Thursday, February 27, 2014

there are days ....

just heard from an adopter - adopted darling Delilah and Jerimiah three years or more ago

she's moving

doesn't want to take the cats

needs me to get them

she's not as "wonderful" as I am (her phrase not mine)

I am not wonderful. I am disheartened and saddened. I know this woman well - we work together and she had a heart of gold. She made a careful choice to take the pair of meesers in and worked through some early issues. She says she wants to be selfish.

I just don't get it.

But how I love both cats.

Saturday, February 8, 2014

Less and More

In a cost/benefit analysis of fostering the benefits always outweigh the costs. ALWAYS.
We are very fortunate -we foster with a great organization, have great vets as support and our agency covers  medical and supply costs if asked with no hesitation. We have been able to have very expensive surgeries done for our foster animals that might have caused at least pause if they had been permanent additions to our home. Emma's eye ulcer surgery at $3000 and Gus's obstruction surgery at $4000 are two pretty classic examples of that. We have a wonderful support system and through it we have made some wonderful friends. We are able to save animals lives directly an d indirectly (when we foster an animal that would sit in a shelter for a long time sometimes that shelter is able to bring in and adopt out many many faces in the same time the foster animal resides with us).

But, and you knew there had to be a but, there are many costs to fostering. It would be unfair to ignore them. Costs come in many forms, and many people beyond the person on the foster contract pays the cost.

There is no doubt there has been an emotional cost to fostering. Losing foster animals through placement in forever homes  and through death is hard on the heart. I've reflected on that cost before. Give and give then it's done. Living with animals at all has an emotional cost of course, they simply don't live long enough. Fostering generally involves knowing your loss will come faster then normal - sometimes the tear is visceral and wounds deeply no matter if it is death or placement.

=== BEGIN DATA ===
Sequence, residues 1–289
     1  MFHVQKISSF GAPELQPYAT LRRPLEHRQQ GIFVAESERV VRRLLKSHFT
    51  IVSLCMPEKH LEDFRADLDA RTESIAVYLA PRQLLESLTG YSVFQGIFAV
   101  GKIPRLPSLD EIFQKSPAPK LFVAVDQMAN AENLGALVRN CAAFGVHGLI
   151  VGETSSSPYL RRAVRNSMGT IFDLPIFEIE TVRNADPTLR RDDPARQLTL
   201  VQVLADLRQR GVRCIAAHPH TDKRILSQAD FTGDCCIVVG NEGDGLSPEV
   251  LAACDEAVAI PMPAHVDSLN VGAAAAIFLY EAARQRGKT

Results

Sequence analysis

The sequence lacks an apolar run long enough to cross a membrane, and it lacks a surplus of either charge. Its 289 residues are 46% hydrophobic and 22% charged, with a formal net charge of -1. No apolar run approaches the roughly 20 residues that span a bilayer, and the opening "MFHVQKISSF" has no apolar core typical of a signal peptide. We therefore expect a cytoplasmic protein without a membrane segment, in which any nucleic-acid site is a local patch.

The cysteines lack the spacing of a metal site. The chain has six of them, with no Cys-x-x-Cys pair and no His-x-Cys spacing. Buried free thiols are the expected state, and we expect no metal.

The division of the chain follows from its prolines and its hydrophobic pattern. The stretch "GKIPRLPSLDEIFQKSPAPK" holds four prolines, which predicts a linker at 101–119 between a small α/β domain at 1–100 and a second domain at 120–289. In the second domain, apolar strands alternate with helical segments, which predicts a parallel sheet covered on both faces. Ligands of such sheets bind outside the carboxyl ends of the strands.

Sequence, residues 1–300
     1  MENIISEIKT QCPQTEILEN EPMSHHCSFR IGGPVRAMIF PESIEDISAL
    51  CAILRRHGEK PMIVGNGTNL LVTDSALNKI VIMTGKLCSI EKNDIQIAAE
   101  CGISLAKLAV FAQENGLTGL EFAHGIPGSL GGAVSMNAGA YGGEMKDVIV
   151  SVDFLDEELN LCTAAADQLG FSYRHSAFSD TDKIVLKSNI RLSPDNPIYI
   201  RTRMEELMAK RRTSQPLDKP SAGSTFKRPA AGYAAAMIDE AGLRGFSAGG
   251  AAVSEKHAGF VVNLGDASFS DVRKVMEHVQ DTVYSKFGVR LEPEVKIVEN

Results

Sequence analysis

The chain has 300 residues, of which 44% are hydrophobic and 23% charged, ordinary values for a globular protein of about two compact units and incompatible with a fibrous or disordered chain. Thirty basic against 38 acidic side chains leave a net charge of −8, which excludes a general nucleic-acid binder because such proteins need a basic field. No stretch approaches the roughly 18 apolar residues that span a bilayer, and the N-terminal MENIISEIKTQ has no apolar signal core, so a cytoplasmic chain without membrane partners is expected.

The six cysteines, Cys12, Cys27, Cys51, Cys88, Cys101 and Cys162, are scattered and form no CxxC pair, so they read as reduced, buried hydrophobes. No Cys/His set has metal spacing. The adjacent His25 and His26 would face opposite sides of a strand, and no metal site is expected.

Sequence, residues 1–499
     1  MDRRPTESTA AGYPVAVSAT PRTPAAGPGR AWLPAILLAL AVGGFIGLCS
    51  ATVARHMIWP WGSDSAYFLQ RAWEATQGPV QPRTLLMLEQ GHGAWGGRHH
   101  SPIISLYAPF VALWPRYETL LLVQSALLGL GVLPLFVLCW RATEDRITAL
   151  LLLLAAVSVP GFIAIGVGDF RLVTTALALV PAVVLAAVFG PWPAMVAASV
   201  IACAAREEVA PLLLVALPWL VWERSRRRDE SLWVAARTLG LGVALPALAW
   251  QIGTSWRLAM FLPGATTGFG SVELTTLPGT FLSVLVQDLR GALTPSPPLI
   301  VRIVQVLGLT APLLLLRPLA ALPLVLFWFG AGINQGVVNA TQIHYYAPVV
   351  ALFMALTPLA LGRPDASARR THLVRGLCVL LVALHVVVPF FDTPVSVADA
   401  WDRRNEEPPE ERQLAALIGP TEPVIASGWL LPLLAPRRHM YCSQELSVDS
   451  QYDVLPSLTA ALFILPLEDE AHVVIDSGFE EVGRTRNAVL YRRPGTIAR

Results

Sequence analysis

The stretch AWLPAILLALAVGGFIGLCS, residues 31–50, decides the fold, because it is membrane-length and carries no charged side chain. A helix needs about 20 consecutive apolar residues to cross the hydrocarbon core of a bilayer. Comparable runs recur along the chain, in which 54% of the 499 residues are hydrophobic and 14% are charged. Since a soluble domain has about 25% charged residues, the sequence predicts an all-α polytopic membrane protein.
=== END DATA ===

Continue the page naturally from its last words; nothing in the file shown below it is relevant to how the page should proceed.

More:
The other less recognized emotional cost can be the way it affects your view of people. People who give up animals are often in desperate times and were fabulous homes but there are also people who give up animals they should never have had in the first place or for what to me anyhow are somewhat ridiculous reasons. My new boy friend doesn't like cats, he won't get off the couch, she is getting old/sick and I don't want to have to kill her and the ever classic I'm moving. Fostering has made me a little more cynical and suspicious of people. I do not always think the best of everyone - though in my 20th year of doing this I am a little more patient and understanding than I was about 5 years in.

There is a time cost. Time spent caring for foster animals is time not spent blogging, going out for dinner, being with your own animals etc. Time spent waiting for them to arrive, and waiting for them to leave; hours at adoption events, hours of email with prospective homes, and follow up to placements. Time shopping for the extras they might need, or coordinating delivery of things they need. Minutes turn to hours easily but are hard to measure. We had a long run of animals in desperate need arriving on holidays and our family paid the time price. "Sure - we'll still come for dinner but we can only stay 2 hours as the kittens need to be fed" is a classic example of this cost.  Sometimes you wonder why family stops inviting you to things - then you realize it's been a long time since you could attend and be relaxed and present for the event.